to states that increased SNAP participation, including Maine, Oregon and Tennessee, but Idaho is not one of them. And while Idaho's state welfare website has an application form that can be downloaded, it does not allow individuals to complete and submit it online, something that at least 22 other states offer
. Higher caseloads, fewer caseworkers
At the same time that more Idahoans are coming to the welfare offices for help, the state has fewer case workers to handle the job. The health and welfare department had to lay off more than 100 of its 3,100 employees and didn't fill about 200 vacant positions because it didn't have the funding to pay the wages.
Because of budget cuts, the state last June closed nine of the department's 29 health and welfare offices, which in addition to food stamps also provide Medicaid coverage and services for child welfare, mental health and substance abuse and help for the developmentally disabled.
That meant food stamp workers in Idaho saw their average caseloads skyrocket to 627, up from 185 cases in 2008. "We are at the tipping point," says Shanahan.
Despite the budget cutbacks, welfare officials and advocates for the poor say that Idahoans have largely been spared the long delays seen in some other states. The state upgraded and streamlined the way it determines its eligibility procedures in 2009. When someone walks in the door to apply, the state tries to give an answer and complete the paperwork in one day.
That differs from several other states. In Texas, for example, about one-third of food stamp applicants waited more than the 30-day limit the federal government imposes, according to an analysis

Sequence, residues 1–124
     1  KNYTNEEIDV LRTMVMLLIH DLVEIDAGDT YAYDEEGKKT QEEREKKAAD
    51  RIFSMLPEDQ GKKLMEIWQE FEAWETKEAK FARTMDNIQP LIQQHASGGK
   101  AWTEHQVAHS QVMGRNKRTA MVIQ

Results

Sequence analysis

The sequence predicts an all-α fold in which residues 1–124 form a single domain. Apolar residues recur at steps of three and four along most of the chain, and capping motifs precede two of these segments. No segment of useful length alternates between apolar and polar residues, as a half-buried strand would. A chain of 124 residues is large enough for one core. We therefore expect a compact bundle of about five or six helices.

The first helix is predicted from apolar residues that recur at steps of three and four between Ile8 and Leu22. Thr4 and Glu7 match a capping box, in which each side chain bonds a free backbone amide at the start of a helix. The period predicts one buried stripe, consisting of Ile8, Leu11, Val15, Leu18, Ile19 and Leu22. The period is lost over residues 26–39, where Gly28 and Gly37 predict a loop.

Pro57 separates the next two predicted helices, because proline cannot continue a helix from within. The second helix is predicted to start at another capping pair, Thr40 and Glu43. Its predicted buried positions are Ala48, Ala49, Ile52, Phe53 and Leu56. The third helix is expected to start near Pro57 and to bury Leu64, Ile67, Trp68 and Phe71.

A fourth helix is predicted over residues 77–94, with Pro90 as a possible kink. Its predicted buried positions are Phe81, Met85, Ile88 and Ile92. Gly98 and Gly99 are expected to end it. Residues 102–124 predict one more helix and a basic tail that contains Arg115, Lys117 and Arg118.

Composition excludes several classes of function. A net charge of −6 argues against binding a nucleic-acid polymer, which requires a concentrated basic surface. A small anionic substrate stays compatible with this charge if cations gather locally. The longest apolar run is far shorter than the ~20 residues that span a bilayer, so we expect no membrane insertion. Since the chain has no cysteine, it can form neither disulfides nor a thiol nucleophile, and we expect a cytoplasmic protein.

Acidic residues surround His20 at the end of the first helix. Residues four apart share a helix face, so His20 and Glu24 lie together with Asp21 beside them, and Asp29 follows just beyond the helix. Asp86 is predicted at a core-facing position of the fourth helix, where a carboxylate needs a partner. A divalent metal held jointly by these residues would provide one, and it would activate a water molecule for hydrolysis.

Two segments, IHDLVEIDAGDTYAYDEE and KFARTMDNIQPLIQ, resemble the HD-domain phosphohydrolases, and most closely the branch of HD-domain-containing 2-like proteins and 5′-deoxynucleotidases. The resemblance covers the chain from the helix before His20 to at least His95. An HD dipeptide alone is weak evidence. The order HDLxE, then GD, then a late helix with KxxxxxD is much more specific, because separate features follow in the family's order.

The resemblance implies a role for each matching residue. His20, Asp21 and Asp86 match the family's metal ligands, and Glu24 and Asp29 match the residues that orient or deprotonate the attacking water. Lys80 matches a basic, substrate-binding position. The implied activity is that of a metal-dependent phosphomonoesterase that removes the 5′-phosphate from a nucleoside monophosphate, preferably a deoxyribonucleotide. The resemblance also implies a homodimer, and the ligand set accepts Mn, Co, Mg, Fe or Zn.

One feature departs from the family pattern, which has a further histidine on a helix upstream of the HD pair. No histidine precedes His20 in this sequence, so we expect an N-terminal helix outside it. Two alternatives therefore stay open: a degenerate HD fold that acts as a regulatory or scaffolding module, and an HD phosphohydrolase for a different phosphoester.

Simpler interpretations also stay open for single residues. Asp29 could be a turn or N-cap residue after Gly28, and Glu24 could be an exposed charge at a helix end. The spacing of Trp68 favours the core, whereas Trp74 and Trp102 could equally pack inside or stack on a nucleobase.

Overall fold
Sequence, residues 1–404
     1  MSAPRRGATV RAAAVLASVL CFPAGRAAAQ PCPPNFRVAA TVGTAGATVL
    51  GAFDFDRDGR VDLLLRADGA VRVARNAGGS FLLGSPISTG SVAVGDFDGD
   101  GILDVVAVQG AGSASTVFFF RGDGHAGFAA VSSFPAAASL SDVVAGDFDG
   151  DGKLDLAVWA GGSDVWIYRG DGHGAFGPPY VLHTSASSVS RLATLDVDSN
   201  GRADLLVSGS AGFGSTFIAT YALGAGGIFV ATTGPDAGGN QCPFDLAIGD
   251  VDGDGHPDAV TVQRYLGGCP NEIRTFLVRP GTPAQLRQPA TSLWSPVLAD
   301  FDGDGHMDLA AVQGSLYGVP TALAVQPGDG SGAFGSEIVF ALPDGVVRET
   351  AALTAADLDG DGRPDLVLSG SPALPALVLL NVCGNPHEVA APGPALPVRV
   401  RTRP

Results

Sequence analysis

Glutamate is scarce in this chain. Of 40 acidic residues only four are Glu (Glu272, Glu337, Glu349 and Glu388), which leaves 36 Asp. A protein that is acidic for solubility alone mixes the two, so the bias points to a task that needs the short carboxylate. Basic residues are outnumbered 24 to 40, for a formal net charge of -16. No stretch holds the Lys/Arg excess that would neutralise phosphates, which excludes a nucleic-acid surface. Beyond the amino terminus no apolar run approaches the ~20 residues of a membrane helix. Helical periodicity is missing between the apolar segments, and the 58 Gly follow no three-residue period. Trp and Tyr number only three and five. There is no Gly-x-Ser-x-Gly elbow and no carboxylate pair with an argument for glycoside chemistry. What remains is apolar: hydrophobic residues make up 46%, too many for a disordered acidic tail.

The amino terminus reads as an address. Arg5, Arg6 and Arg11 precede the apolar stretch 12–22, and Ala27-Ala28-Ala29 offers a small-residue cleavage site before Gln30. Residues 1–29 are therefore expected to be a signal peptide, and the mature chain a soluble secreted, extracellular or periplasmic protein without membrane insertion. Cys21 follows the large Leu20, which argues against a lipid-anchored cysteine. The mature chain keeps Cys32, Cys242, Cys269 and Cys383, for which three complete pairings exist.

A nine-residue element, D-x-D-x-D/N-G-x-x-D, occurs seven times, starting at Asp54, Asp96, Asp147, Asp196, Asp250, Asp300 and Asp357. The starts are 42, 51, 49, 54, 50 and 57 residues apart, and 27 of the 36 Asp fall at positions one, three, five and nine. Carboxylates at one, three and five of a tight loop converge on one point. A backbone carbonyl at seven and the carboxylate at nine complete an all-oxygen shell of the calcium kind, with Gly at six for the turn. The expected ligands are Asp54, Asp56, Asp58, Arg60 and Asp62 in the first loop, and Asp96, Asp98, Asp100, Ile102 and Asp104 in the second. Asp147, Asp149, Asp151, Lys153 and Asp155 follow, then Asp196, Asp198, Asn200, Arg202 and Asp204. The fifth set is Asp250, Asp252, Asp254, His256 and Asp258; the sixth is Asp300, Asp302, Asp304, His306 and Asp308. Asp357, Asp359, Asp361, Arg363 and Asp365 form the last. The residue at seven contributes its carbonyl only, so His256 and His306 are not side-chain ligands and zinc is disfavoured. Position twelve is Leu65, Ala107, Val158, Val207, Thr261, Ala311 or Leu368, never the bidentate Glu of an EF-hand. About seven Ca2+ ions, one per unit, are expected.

last year from The Associated Press
. Delays also were reported in Florida, Colorado, Nevada and Rhode Island. Demand will continue
The demand for food stamps is expected to remain high throughout the country as the unemployment rate hovers near 9 percent in 2011, gradually falling to 8.2 percent by late 2012 and reaching the "natural rate" of 5.3 percent only in 2016, according to the Congressional Budget Office
Supporters say the program not only puts food on the table, but helps stimulate the economy. Mark Zandi, chief economist at Moody's Analytics
, figures that boosting food stamp payments by $1 increases the Gross Domestic Product by $1.73. The USDA says the benefits are even higher, contending that every $5 in new SNAP benefits generates as much as $9 in economic activity.
But not everyone agrees. Before last fall's elections, former U.S. House Speaker Newt Gingrich and then-Speaker Nancy Pelosi got into a war of words about the effect of food stamps on the economy. Gingrich disputed the impact of the program. "Somehow, I don't understand how liberal math turns $1 into $1.79," he told Fox News
Tad DeHaven, a budget analyst at the Cato Institute, a libertarian think tank, argues that the cost of food stamps has exploded and that the programs are highly susceptible to fraud
. He says they should be cut
, not expanded. "In fact," he says, "the entire federal welfare system needs to be devolved to the states, or preferably, private charity."
With Congress and the Obama administration promising to get federal spending in check, all programs, including food stamps, are expected to get closer scrutiny. By then, folks like Dorene hope to have better paying jobs and be off the rolls.